# How to deal with uncentered parameters not estimating well, potentially due to bad identifiability constraints?

I am having a problem with identifiability when using non centered parameters. My beta and type parameters (when i use real data) will likely be positive, lets say normal(1,.5) for beta and normal(2,.5) for type. And so, since neither are centered at 0 it is making it difficult to model this. My data is structured as follow: theta = people, beta = test item difficulty, type = item type effect. So i could have 100 people taking 40 items, where each item is 1 of 4 types. Important to also note that the type an item is does not change between persons, so item 1 for instance, if type 3, is always type 3.

I have tried to use a sum to 0 constraint on type or beta, however i run into problems when doing that. Because my beta parameters are mostly all positive, the pinned last beta value to be the - sum ends up being a large negative number which makes it difficult to estimate the type parameter that contains that constrained beta. Similarly with type. I then tried to pin a value of beta or type to 0, but it does not seem to consistently work well. What else can i do in this case?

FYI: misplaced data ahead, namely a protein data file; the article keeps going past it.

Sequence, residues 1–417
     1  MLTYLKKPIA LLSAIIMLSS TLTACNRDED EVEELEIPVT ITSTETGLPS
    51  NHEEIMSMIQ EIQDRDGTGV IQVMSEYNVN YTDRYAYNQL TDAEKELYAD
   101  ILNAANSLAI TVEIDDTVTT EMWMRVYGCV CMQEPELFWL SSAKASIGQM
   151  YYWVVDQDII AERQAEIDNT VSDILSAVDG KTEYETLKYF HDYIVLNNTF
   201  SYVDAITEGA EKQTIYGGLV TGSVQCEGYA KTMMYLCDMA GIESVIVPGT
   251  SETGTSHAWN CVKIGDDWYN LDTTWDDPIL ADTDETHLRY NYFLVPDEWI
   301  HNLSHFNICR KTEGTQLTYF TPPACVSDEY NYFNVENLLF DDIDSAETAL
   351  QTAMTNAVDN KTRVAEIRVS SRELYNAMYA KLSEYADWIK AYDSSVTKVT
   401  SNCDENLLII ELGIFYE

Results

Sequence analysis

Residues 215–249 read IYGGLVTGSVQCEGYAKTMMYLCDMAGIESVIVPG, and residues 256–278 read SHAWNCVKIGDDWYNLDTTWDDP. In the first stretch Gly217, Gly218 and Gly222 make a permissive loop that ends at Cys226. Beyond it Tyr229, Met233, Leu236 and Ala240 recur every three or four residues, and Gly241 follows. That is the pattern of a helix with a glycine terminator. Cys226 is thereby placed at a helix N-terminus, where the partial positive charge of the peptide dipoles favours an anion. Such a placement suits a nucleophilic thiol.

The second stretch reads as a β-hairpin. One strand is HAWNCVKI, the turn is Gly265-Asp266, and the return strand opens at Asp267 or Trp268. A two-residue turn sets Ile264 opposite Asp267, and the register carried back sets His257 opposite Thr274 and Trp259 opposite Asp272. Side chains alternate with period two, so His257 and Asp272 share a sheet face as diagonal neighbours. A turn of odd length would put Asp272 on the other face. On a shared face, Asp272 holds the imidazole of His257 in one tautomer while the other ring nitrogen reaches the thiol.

here is my data generation

``````    J <- 150
I <- 40
K <- 4

theta <- rnorm(J, 0, .4)
beta <- rnorm(I, .7, .5)
type <- rnorm(K, 2, .5)
type[1] <- 0

N <- I*J
ii <- rep(1:I, times = J)
jj <- rep(1:J, each = I)
kk <- rep(1:K, times = N/K)

y <- numeric(N)
for(n in 1:N){
y[n] <- rpois(1,exp(theta[jj[n]] + beta[ii[n]] + type[kk[n]]))
}

fit <- sampling(mod, data = list(I = I,
J = J,
N = N,
ii = ii,
jj = jj,
kk = kk,
K = K,
y = y),
iter = 4000)
``````
``````data {
int<lower=0> I;
int<lower=0> J;
int<lower=0> K;
int<lower=1> N;
int<lower=1,upper=I> ii[N];
int<lower=1,upper=J> jj[N];
int<lower=1,upper=K> kk[N];
int<lower=0> y[N];